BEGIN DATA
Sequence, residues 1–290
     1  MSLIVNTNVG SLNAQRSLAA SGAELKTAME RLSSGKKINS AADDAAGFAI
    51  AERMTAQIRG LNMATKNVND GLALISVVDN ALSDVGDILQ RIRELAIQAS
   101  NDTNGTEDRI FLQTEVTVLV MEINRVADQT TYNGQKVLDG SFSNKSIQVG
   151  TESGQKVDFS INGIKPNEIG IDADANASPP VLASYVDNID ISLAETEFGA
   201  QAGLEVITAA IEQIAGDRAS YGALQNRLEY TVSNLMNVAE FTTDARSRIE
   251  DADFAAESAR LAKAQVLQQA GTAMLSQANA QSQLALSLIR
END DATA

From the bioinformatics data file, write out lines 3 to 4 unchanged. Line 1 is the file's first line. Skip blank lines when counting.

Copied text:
    51  AERMTAQIRG LNMATKNVND GLALISVVDN ALSDVGDILQ RIRELAIQAS
   101  NDTNGTEDRI FLQTEVTVLV MEINRVADQT TYNGQKVLDG SFSNKSIQVG